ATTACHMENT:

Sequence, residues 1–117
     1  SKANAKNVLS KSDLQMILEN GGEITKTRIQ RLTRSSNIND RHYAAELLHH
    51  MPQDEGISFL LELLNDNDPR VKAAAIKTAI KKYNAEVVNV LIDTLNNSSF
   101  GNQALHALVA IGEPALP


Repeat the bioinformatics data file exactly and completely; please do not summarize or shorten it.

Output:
Sequence, residues 1–117
     1  SKANAKNVLS KSDLQMILEN GGEITKTRIQ RLTRSSNIND RHYAAELLHH
    51  MPQDEGISFL LELLNDNDPR VKAAAIKTAI KKYNAEVVNV LIDTLNNSSF
   101  GNQALHALVA IGEPALP